Planning for the disposition of your remains

2012-11-25T00:00:00Z Planning for the disposition of your remainsChristopher W. Yugo Times Business Columnist
November 25, 2012 12:00 am  • 

Q: After I die, I want to be cremated. However, one of my kids has already said she won't let that happen and she will fight to make sure that I am buried next to her father.

I don't mind if they bury my ashes there, but I want to be cremated. Is there a way to make sure that my instructions are carried out? When I made my will a few years ago, the attorney seemed reluctant to put my instructions in it.

A: At one time final instructions relating to disposition of remains was included in wills. I've included such instructions a few times but I am not a big fan of including them either.

The main reason I don't like to include such instructions in a will is that family rarely checks it until after the funeral. When you die, I can almost guarantee the will won't be the first thing on anyone's mind.

There are a couple of better ways to make sure your instructions are carried out. First, you can pre-plan your funeral. If you pre-plan, you can choose such things as cremation. Now there is still not a guarantee your kids will go to that funeral home and follow instructions, but I think a pre-planned funeral will carry a lot of weight with your children. This is especially true if you also pre-pay for it.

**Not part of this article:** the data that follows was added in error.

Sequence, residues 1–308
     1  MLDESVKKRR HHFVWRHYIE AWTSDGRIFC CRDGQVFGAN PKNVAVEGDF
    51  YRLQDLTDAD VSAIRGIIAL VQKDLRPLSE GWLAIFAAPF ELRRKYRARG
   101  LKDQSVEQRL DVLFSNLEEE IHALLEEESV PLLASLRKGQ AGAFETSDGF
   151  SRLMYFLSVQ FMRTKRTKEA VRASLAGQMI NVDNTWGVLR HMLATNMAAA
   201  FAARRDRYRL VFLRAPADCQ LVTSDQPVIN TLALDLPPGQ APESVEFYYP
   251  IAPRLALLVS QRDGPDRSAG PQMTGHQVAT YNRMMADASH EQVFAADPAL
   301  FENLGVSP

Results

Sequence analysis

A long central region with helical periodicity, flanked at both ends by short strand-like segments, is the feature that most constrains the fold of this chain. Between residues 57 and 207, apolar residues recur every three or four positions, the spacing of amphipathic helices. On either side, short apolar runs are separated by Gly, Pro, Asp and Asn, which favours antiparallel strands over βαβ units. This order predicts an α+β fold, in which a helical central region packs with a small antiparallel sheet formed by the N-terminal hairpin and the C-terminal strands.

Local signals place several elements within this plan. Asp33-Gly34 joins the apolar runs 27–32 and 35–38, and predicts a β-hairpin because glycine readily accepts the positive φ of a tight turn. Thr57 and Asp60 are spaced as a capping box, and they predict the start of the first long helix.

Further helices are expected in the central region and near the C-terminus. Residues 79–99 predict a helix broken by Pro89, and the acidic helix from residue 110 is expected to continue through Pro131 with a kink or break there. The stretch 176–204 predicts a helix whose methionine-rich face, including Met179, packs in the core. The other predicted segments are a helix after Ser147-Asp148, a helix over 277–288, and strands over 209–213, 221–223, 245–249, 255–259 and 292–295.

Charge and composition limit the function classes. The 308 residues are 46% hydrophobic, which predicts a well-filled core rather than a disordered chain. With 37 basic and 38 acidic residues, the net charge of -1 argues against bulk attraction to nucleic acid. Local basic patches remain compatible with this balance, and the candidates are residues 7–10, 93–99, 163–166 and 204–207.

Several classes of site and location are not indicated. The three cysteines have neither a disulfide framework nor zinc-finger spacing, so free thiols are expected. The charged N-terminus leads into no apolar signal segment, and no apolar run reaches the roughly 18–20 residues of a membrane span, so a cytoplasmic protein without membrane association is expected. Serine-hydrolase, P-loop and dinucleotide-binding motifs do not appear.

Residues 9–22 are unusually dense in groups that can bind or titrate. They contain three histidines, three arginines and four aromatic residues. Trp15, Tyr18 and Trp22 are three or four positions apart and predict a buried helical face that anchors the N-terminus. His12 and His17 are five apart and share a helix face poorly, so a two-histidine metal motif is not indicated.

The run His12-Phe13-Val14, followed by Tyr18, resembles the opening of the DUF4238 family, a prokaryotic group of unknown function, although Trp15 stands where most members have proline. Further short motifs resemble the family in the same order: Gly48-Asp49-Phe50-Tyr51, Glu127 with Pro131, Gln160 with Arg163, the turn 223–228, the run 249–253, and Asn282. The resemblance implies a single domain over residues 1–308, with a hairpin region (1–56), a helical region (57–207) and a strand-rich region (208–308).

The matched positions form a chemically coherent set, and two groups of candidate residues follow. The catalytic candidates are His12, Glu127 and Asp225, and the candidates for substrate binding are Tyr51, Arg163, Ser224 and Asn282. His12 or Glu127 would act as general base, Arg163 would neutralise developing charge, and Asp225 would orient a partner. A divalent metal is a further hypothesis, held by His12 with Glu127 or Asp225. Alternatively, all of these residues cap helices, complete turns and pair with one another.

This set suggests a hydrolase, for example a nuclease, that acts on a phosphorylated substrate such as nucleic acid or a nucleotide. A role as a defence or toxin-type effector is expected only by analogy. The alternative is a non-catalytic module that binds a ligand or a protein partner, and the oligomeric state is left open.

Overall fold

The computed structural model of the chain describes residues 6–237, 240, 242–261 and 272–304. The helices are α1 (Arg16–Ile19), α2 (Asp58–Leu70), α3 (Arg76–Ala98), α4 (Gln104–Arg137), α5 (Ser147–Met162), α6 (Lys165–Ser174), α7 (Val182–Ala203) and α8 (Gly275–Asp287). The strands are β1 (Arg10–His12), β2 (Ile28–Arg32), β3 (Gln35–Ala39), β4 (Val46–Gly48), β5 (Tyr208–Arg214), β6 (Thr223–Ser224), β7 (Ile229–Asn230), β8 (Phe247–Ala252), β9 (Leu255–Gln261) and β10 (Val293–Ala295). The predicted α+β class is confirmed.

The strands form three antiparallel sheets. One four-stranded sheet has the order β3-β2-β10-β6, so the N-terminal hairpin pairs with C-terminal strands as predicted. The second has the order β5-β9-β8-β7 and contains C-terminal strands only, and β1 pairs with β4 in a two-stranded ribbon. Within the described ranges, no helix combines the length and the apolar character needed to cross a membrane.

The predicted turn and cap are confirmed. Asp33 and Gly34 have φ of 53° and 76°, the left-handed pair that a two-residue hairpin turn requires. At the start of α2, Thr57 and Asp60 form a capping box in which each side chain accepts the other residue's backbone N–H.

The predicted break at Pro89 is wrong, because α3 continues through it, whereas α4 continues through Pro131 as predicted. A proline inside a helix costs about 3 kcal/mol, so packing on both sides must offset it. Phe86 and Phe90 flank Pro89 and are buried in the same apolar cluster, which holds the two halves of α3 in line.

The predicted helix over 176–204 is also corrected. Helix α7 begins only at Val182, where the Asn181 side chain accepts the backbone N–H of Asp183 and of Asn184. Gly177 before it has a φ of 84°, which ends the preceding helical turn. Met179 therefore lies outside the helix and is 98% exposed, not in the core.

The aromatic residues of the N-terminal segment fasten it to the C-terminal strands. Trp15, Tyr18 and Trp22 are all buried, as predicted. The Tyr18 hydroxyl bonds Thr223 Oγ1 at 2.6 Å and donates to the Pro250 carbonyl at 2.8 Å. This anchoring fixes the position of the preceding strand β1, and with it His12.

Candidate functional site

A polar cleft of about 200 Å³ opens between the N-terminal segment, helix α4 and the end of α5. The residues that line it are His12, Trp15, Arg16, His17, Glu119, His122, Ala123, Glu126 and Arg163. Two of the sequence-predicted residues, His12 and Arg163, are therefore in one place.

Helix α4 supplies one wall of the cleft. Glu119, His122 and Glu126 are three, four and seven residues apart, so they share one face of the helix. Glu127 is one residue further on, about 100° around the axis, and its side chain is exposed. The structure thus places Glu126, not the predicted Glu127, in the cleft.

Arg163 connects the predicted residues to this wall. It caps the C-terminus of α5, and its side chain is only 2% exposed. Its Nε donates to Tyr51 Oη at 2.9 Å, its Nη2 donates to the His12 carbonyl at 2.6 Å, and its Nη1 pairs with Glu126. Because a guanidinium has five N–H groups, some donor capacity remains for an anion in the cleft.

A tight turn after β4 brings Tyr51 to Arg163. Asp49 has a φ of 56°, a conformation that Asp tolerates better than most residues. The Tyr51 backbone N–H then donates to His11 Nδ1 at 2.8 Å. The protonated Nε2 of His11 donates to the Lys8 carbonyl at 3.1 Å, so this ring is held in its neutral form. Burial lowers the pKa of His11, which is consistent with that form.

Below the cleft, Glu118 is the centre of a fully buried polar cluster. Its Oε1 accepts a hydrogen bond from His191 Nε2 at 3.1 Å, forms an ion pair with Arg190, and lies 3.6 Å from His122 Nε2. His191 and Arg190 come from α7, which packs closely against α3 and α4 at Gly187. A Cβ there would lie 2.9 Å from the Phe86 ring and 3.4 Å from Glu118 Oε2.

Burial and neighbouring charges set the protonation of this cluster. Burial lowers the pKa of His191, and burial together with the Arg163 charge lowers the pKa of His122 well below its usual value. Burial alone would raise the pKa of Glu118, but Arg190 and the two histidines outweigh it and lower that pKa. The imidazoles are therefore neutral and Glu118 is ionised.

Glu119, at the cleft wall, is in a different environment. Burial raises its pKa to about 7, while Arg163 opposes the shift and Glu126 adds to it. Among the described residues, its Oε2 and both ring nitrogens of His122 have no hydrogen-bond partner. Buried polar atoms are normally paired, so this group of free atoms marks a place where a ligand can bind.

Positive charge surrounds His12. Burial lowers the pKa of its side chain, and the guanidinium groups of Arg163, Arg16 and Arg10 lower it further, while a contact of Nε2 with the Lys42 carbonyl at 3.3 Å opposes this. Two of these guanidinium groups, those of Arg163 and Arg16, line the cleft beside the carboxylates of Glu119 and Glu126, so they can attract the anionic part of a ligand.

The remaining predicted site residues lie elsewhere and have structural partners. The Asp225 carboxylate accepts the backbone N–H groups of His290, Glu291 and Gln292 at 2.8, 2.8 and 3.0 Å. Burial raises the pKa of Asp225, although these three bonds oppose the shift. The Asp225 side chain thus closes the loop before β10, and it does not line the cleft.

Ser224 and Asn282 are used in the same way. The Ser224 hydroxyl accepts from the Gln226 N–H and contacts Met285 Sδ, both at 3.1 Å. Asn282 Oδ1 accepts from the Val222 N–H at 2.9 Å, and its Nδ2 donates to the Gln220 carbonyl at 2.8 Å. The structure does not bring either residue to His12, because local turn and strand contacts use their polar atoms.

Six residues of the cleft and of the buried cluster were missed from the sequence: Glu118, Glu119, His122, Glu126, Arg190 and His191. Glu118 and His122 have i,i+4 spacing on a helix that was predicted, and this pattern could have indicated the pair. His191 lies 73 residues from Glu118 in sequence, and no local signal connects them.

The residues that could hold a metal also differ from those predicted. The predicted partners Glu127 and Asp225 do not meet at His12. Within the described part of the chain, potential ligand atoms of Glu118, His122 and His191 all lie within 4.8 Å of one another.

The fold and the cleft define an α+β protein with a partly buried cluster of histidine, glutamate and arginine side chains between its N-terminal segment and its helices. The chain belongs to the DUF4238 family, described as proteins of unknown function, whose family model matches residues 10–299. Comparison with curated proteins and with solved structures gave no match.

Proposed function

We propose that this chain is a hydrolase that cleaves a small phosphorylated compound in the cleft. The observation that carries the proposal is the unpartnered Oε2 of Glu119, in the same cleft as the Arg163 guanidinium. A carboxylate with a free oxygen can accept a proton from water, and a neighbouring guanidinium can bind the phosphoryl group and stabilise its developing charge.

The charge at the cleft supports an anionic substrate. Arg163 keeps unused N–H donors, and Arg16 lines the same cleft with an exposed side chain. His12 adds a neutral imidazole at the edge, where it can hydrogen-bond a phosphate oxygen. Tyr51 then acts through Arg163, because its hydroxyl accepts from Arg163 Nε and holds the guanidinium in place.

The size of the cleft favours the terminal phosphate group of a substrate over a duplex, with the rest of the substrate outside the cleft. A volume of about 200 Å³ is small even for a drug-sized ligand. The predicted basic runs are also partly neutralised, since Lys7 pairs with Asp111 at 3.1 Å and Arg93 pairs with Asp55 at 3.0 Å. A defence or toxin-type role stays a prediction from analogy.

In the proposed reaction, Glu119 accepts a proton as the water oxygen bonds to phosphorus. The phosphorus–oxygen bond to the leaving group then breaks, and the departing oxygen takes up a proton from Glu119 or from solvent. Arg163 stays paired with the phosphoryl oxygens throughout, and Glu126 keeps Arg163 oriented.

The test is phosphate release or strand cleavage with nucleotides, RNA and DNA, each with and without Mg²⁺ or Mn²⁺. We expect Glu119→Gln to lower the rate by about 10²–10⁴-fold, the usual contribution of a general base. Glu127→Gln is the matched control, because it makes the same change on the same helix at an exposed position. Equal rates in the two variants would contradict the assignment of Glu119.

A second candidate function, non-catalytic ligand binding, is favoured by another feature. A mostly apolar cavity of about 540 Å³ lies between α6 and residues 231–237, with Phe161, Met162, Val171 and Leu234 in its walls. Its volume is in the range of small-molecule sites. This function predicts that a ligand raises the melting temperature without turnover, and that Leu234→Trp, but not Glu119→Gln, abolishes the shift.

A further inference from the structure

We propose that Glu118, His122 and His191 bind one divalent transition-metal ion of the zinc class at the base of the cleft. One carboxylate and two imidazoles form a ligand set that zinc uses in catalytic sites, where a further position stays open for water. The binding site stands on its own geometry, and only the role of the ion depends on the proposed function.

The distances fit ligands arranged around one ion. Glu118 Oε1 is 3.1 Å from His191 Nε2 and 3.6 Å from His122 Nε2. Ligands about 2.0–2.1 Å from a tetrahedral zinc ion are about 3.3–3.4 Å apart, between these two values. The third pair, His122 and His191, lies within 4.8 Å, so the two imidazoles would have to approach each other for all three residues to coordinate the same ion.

If you are concerned that pre-planning won’t get the job done, you can use a power of attorney. The authority to make decisions relating to disposal of the principal's remains is probably the only power that survives a principal's death. If you have a power of attorney, pull it out and read through the powers granted to the attorney in fact. If the power of attorney includes such a power, than you are all set.

If the power of attorney doesn't specifically include the power to dispose of the principal's remains, look for a reference to the Indiana code. A lot of powers of attorney include language to the effect that the attorney in fact is granted all powers granted in Indiana code. If the power of attorney references the Indiana code in a similar fashion, the person you appointed should be able to carry out your instructions.

However, the best way to make sure make sure your instructions are carried out is to execute a Funeral Planning Declaration. In a Funeral Planning Declaration, you leave legally binding instructions and you specifically appoint someone to make sure that your instructions are carried out. That person has the legal authority granted by the State of Indiana to make sure that the family complies with your instructions. Make your intentions clear and pick the right person and you should be all set.


Christopher W. Yugo is an attorney in Crown Point. Address questions to Yugo in care of The Times, 601 W. 45th Ave. , Munster, IN 46321 or to Yugo’s information is meant to be general in nature. Specific legal, tax, or insurance questions should be referred to your attorney, accountant, or estate-planning specialist.

Copyright 2014 All rights reserved. This material may not be published, broadcast, rewritten or redistributed.

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